Cart Designed By Julius Jirasek - 3J00
Cart Designed By Julius Jirasek - 3J00Cart Designed By Julius Jirasek - 3J00Cart Designed By Julius Jirasek - 3J00Cart Designed By Julius Jirasek - 3J00

Cart Designed By Julius Jirasek – 3J00


A bar or serving cart designed by Julius Jirasek, and made in Vienna by Hagenauer in 1935. It is made from light colored wood and glass atop a cain shelf, with the original tray marked, “Gerlinol Sol.-Ohligs.” An example of great modern form that was originally owned by Franz Hagenauer.

Creator: Whw Hagenauer (Maker), Julius Jirasek (Designer)
Place of Origin: Austria
Date of Manufacture: 1935
Materials & Techniques: Glass, Wood, Cain, Gerlinol
Condition: Excellent
Dimensions: 22 in. H x 17 in. W x 28.5 in. D / 56 cm H x 43 cm W x 72 cm D
Dealer Reference Number: 3J00

Dealer Location: 29 West 30th Street, 5th Floor, New York, NY 10001
Dealer Phone Number: 212-924-6330


Modern Art

Modernism stems from a philosophical transformation that impacted Western society in the late 19th and early 20th centuries, following the end of World War I. It sought to transition from an outdated political environment with newness and experimentation, shaping the development of industrial societies and influencing the rapid growth of cities. Modernism rejected the traditional thoughts of enlightenment and realism, which was expressed in self-conscious fashions such as parodies and abstractions. Expressionism, futurism, vorticism, cubism, surrealism, and dada are art forms that all thrived during the modernist movement. Modernist architecture is sleek and minimalistic, cutting excess and focusing on the practicality of the materials used, which shaped a comprehensive and contemporary aesthetic that sought to represent stability. Steel, glass, molded plywood, and plastics are all popular mediums for modernist designs.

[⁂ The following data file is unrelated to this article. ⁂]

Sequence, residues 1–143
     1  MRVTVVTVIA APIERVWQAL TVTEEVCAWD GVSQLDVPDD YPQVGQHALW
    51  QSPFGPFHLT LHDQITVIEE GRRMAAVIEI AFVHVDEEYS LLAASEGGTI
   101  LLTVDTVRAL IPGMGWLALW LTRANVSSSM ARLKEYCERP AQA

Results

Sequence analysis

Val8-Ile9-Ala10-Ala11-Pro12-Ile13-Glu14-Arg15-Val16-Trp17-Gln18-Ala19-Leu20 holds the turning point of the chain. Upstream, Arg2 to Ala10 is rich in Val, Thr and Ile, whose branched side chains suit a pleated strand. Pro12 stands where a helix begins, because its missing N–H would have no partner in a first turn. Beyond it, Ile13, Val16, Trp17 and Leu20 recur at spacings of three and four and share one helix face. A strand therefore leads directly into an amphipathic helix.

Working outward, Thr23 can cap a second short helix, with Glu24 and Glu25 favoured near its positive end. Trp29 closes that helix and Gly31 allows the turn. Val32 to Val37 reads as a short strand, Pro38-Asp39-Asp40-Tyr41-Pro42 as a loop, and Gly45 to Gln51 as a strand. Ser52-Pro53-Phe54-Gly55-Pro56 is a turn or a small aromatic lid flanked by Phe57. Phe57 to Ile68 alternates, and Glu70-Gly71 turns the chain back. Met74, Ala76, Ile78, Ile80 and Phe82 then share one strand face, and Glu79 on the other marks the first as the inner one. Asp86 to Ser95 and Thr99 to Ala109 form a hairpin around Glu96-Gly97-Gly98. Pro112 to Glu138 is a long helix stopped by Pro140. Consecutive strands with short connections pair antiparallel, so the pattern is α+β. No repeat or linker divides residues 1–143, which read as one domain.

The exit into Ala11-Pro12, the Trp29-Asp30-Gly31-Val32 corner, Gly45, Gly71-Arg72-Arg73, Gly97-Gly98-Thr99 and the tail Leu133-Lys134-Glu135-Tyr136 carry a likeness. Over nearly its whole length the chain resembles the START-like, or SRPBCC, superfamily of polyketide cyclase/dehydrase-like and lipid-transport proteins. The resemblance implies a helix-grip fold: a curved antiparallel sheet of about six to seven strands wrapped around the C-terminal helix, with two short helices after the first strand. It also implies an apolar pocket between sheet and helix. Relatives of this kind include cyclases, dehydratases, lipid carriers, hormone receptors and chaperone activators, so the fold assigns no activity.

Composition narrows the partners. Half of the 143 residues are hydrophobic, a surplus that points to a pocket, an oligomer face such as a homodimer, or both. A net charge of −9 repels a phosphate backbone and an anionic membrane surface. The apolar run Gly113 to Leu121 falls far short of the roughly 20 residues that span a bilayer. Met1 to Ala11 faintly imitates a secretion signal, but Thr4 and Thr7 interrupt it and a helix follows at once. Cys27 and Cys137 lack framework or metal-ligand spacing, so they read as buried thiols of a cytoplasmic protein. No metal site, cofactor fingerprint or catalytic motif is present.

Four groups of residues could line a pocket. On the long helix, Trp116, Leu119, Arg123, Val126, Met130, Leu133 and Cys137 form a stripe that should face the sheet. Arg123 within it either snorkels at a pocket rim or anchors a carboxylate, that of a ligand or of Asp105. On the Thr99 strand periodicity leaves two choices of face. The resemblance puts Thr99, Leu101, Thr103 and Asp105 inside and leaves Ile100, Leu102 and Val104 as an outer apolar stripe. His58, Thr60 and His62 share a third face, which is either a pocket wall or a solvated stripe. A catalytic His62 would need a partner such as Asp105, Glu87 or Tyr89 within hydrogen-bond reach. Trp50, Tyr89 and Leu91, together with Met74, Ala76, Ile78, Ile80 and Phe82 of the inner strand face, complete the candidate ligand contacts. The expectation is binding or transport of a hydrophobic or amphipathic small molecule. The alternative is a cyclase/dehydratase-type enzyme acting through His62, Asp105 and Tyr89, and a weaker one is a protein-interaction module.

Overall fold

Art Deco

A prominent style and period in art that was developed in the early 1900’s and steadily spread across Western Europe and America until the 1930’s. Pieces made in this style were exhibited in Paris at the 1925 Exposition Internationale des Arts Decoratifs Industriels et Mordernes from which the genre borrows its name. The emergence of Art Deco is most often viewed as the continuation or response to Art Nouveau, and was regarded as the antithesis to traditional art styles because its intention was to produce pieces representing luxury and elegance. Artists who were inspired by this style drew reference from styles, cultures or concepts that were often contradictory. Art Deco’s influence is visible across many art forms, from glass art to sculpture, architecture to fashion, dance to illustrative or graphic art. Art Deco, evoked a period of creation where artist attempted to go against traditional techniques, and sought out modernity and crafted pieces representative of excess, luxury and elegance. Art Deco is quoted as dying out by 1940, but its influence returned throughout the 1960’s and can still be seen in the arts, fashion and design of today.